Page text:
"We've played against these highly-skilled teams, so we know a little bit what to expect. But we've got a great, really strong D-corps, which is perfect for the playoffs. They block a lot of shots and pitch in a lot offensively. I think we're happy with what we have in our locker room, and we're excited to get to Cincinnati."
Michigan Tech of course enters the tournament on a high note after winning the WCHA tournament. Denver, on the other hand, despite its many accolades and an impressive resume all season, was forced to regroup this week after bowing out of the NCHC tournament last Friday.
Montgomery, looking to lead Denver to its first national title since winning back-to-back championships in 2004 and 2005, has used the loss as a positive.
"We talked about how it was really good for us to get a wake-up call last Friday instead of this Saturday," said Montgomery. "I think our group, to be quite honest with you, was pushed out of the game, and that's not the way we play our games. It just came down to, mentally, we weren't prepared to play with the right determination, the right focus, and to win one on one battles.
"I think it was a great wake-up call for us because I've noticed that our attention to detail has been much better in practice this week."
No. 2 Penn State (24-11-2; Autobid, Big Ten)
vs. No. 3 Union (25-9-3; At-Large)
How They Got Here: Penn State won its first Big Ten title, beating Minnesota and Wisconsin in double overtime last weekend; Union tied for a share of the ECAC regular season crown and lost to Cornell in the ECAC semifinals.
Saying last week's conference tournament weekend produced different experiences for Penn State and Union would be a dramatic understatement — and just like the first matchup in the Regional, this game features a team that was upset in the semifinals of its conference tournament against a team that won its conference title.
Despite a seven-game unbeaten streak heading to Lake Placid, N.Y., the Dutchmen faltered against Cornell in the ECAC semifinals, falling 4-1. The loss stung Union and senior star forward Mike Vecchione.
"Coach just let us sit there amongst ourselves and feel what it's like to lose," said Vecchione, a Hobey Baker Award frontrunner with 29 goals and 33 assists this season. "We had no business even being in that game. We played badly, and Cornell deserved to win. We got outworked, we got outplayed. Just that feeling that losing sucks was pretty powerful. Some of the leaders spoke up. It was a good learning lesson for us.
"Having a loss may have helped us because this week so far has been all business. We've put the loss behind us, but that feeling of losing still sticks with us. It's burning a hole in us because we know we're a lot better than that.
"This week, there's a lot more tenacity in practice, a lot more grit, guys going after it. There's a lot of fire on the ice. Guys are out there wanting to compete because we didn't do that last weekend."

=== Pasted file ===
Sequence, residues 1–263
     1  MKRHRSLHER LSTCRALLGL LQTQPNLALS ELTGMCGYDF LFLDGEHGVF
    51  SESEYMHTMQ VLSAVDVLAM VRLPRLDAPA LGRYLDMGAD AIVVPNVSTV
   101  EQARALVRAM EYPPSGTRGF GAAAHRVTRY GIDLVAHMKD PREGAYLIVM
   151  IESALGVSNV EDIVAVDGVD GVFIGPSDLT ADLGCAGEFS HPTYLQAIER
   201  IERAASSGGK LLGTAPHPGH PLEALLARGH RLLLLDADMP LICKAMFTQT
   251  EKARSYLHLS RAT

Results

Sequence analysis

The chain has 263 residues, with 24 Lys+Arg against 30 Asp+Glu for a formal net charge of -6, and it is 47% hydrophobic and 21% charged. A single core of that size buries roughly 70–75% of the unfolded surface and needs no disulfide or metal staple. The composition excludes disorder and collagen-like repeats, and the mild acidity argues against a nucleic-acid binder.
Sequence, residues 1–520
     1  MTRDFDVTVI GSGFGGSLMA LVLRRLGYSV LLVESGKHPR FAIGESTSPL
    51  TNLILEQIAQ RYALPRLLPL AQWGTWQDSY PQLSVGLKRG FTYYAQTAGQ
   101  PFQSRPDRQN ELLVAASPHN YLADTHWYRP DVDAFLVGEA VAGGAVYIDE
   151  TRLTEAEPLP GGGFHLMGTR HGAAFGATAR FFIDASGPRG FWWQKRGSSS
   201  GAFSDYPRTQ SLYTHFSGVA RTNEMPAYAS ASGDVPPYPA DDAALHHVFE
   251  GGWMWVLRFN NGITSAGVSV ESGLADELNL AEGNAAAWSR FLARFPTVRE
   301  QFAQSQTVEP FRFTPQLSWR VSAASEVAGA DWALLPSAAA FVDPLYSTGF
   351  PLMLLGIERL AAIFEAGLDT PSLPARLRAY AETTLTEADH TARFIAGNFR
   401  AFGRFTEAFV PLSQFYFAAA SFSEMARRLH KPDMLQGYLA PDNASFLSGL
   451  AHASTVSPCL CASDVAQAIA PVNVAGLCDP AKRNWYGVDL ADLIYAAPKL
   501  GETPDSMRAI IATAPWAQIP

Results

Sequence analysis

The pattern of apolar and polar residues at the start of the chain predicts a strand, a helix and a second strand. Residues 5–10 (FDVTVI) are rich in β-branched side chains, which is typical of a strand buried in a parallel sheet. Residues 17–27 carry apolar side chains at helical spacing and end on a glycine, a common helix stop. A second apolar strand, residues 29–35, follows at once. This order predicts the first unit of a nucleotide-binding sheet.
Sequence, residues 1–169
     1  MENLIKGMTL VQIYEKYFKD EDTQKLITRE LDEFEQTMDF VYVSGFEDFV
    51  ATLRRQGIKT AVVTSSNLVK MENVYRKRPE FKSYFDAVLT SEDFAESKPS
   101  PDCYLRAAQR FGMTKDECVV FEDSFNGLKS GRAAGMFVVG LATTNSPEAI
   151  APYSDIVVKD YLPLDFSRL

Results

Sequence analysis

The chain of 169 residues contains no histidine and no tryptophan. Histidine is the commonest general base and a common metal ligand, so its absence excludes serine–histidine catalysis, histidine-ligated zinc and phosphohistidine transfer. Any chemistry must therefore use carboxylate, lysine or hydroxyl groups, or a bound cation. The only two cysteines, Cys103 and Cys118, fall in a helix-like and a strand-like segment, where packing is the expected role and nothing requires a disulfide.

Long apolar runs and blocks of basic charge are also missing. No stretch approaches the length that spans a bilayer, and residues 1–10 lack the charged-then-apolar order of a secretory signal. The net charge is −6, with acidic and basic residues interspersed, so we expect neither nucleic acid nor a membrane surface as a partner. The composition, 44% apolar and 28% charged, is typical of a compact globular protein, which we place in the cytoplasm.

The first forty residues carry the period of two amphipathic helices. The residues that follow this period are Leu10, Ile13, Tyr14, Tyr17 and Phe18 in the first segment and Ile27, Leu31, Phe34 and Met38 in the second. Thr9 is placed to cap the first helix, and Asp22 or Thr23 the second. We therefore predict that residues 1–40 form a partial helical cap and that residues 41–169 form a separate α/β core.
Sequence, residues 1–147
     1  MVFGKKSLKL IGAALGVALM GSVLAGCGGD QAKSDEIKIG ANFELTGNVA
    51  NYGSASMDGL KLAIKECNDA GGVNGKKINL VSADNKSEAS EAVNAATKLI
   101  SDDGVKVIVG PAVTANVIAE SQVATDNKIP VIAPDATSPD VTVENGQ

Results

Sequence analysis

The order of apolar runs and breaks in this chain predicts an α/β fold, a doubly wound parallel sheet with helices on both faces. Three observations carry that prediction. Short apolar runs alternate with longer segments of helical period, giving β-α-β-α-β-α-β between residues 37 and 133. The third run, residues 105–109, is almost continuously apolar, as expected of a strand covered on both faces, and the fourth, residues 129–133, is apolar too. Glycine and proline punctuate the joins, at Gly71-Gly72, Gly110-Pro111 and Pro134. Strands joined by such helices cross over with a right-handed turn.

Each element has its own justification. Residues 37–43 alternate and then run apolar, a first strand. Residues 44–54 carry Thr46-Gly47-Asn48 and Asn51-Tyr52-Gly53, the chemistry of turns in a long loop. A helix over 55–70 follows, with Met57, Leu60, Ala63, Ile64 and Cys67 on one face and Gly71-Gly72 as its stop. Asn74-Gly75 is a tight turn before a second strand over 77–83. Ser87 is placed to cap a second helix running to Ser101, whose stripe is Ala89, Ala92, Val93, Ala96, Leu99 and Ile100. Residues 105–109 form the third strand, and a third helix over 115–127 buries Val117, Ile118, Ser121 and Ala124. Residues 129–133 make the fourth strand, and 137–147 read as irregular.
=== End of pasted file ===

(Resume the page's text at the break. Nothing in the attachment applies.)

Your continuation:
For Vecchione, the NCAA tournament offers a chance at redemption for last weekend and for confirmation of his decision to return to Union for his senior season.
"When I made the decision to stay, I had a lot of faith in this team — obviously a great group of guys, and they've proven it this year," said the Saugus, Mass. native. "I went back to the drawing board and figured out what I needed to do to get better. I just needed to get stronger, get faster, work on some on-ice things. I thought my shot could improve. Last year I had a lot of shots blocked. There were a lot of little things like that that I wrote down and brought to my trainer back home.
"It was just all business through the summer — a lot of hard work, a lot of sacrifice, and a lot of dedication. We talked about consistency last season, and I thought I was up and down. To be a leader, you have to be consistent every night. We always say, well done is better than well said."
For Penn State, meanwhile, 'well done' is one simple way to describe their weekend at Joe Louis Arena in Detroit — playing over 240 minutes of game time in just 52 hours to win its first-ever Big Ten tournament title, in just the fifth year as a Division I program.
As a point of perspective, when the current Nittany Lions senior class were freshmen, Penn State won only eight games. Fast forward to last weekend, and head coach Guy Gadowsky's team knocked off three teams with a combined 20 national titles on three remarkable consecutive days.
And the Penn State freshmen wrote much of the story — with three goals from rookie Liam Folkes and 118 saves on 123 shots over the course of the weekend by classmate Peyton Jones, who was named the tournament's Most Outstanding Player. He'll match up against Union senior Alex Sakellaropoulous.
Coming off the euphoria of the Big Ten title, Penn State now looks to Saturday's showdown with the 2014 national champions.
"I don't know if there's anything we need to fix," Nittany Lions freshman Brandon Biro said. "I think this weekend was the best hockey we played all year. I know we were playing tired, but we still played the best hockey we've played, we played the smartest we've played, and I think we worked the hardest, so I don't think there's anything we need to improve on."
Added Folkes, "We just have to play Penn State hockey, and I think we'll be fine because we showed that we can do that this season, and it's worked out. We don't focus on any other teams, we just focus on what we can control."